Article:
South Korea has rejected the North's unusual overture to send North Korean relatives to Seoul to be reunited with the 13 restaurant workers it says were abducted in China by spies from the South.
The workers, from a restaurant North Korea, are the biggest group to defect since Kim Jong Un took power in Pyongyang in 2011.
The North typically accuses Seoul of kidnapping or enticing its citizens to defect, but an attempt to reunite the families is extraordinary.
Pyongyang's state media said it had informed Seoul that the North will try to send the relatives through the border village of Panmunjom but did not say when.
"The families of the abductees are eagerly asking for face-to-face contact with their daughters as they were forced to part," said the message carried by the official Korean Central News Agency.
Seoul's Unification Ministry responded in a brief statement that it could not accept the North's request because the restaurant workers decided on their own to resettle in the South.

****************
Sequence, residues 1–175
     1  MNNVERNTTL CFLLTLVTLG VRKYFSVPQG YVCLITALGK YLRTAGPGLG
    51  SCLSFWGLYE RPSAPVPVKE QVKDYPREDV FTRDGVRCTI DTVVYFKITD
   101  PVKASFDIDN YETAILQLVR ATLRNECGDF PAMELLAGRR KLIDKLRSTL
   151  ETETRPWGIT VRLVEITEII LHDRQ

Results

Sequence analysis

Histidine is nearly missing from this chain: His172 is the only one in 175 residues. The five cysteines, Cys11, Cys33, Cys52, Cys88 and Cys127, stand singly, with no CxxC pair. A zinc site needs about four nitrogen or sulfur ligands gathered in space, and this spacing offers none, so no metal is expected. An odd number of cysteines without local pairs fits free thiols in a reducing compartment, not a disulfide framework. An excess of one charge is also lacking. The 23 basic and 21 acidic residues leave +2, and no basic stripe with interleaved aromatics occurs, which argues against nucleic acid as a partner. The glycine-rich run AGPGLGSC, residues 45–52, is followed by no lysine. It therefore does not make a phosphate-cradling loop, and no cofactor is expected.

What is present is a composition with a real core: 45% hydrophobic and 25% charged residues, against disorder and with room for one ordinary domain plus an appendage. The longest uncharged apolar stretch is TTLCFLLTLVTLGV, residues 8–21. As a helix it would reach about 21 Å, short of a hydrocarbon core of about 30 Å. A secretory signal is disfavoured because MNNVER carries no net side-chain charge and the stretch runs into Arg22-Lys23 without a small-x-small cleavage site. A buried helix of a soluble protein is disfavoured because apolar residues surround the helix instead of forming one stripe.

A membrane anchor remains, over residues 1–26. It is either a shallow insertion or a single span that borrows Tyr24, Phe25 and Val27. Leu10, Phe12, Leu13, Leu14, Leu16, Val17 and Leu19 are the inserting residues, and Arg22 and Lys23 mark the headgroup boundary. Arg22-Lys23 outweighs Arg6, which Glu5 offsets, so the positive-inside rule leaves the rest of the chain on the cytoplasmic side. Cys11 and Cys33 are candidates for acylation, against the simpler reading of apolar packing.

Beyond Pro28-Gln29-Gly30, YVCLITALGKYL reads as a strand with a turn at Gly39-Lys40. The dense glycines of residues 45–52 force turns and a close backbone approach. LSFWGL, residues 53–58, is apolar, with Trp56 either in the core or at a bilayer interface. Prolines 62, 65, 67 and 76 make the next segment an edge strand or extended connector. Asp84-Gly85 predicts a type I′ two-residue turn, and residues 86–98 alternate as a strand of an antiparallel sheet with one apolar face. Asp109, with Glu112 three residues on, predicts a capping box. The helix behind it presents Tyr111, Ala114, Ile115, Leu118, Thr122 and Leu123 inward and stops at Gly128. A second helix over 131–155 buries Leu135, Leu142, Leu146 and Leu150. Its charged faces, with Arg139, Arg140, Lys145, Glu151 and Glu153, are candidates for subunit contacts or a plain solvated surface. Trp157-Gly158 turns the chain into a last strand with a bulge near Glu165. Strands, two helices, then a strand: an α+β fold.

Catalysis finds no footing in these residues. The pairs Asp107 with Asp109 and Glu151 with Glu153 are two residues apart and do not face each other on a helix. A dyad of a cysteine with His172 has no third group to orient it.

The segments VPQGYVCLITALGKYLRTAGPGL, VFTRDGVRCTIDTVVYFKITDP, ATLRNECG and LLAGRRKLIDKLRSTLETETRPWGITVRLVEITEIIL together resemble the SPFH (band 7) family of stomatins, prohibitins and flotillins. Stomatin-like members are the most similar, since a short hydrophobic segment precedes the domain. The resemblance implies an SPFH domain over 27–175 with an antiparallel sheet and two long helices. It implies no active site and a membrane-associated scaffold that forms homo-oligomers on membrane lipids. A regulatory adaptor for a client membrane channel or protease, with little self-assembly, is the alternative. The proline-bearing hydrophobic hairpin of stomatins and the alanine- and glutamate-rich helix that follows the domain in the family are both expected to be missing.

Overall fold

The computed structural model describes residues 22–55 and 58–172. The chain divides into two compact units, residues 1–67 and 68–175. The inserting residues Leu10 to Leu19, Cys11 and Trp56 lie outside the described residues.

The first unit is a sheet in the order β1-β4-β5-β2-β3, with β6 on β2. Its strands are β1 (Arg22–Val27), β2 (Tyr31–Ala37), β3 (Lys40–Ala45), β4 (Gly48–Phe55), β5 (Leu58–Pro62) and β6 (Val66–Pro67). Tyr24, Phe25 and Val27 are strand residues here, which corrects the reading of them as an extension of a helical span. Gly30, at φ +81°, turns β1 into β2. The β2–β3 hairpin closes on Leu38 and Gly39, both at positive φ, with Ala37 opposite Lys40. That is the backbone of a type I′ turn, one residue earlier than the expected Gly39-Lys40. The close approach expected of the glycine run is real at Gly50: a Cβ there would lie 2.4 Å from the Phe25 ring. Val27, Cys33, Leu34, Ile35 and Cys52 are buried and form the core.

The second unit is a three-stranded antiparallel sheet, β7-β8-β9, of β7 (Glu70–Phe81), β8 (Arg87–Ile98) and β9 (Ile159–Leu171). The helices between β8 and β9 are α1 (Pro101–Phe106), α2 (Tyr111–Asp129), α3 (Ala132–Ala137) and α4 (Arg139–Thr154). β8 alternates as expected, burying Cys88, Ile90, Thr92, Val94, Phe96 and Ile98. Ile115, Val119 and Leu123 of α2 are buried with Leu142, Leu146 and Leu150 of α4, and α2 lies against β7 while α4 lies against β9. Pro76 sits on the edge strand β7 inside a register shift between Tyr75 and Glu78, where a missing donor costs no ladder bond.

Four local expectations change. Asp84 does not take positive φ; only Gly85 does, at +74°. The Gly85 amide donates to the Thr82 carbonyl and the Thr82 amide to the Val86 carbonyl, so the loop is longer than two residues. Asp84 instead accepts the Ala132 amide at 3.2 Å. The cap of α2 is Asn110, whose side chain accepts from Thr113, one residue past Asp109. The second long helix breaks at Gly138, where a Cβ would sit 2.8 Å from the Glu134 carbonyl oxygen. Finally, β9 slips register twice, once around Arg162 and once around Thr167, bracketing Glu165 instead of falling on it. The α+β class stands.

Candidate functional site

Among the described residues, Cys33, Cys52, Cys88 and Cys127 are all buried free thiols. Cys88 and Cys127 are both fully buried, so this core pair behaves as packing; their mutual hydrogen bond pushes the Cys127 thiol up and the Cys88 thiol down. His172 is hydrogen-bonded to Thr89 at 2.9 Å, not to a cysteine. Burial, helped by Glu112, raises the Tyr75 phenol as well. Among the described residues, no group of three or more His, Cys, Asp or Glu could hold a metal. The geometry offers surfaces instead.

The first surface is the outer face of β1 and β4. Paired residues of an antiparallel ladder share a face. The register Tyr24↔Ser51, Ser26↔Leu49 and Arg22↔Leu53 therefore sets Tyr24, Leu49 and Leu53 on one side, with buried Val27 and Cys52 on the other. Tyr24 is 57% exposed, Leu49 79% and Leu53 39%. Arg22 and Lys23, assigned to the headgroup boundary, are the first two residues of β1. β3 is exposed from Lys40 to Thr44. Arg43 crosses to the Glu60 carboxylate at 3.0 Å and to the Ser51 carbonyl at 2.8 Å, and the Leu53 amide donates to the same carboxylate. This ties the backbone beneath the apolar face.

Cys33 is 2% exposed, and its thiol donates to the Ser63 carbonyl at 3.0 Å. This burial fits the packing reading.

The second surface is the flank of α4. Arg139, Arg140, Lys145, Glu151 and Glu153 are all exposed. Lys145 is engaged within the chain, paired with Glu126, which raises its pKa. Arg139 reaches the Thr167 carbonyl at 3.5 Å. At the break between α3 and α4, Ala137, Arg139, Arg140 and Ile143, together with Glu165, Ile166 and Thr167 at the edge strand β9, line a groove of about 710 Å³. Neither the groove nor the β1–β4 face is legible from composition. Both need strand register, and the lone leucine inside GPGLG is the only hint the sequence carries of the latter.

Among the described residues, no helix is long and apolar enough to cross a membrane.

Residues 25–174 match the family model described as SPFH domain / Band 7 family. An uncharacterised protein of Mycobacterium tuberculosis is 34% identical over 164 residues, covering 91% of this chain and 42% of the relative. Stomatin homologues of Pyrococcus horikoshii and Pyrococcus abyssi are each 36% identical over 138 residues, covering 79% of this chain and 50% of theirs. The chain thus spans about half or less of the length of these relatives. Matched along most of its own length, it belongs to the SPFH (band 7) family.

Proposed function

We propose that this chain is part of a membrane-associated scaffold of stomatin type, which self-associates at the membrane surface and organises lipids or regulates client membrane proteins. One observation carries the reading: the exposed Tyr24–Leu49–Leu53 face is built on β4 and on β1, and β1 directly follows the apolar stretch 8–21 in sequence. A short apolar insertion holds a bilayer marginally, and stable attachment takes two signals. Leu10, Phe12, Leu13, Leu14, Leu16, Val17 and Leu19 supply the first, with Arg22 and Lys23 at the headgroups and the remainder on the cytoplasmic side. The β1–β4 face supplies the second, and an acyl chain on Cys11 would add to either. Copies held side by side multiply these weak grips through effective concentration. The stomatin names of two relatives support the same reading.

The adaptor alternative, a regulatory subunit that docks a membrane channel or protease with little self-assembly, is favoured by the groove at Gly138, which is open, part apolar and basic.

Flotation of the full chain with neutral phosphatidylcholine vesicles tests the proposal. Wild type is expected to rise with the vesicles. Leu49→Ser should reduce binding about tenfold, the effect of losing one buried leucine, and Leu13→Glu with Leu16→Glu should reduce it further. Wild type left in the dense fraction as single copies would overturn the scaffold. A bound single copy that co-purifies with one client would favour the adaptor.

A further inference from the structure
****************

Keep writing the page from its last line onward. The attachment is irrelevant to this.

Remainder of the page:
North Korea has already warned of unspecified retaliation if the South refuses to send back the restaurant workers.
The defection of one male manager and 12 female waitresses has had intense media attention in South Korea.
Since announcing the defection, Seoul officials have refused to disclose full details, and some critics have questioned whether the announcement was an attempt to influence the results of parliamentary elections, which the conservative ruling party eventually lost to liberal opposition parties.
The North has about 50,000 to 60,000 workers abroad, mostly in Russia and China, with a mission to bring in foreign currency, according to Seoul's intelligence service.
Pyongyang typically sends relatively affluent, loyal citizens to such jobs, because they are seen as being less affected by foreign cultures, according to experts in South Korea.
More than 29,000 North Koreans have fled to the South since the end of the 1950-53 Korean War, according to South Korean government records. Many defectors have testified that they wanted to avoid the North's harsh political system and poverty.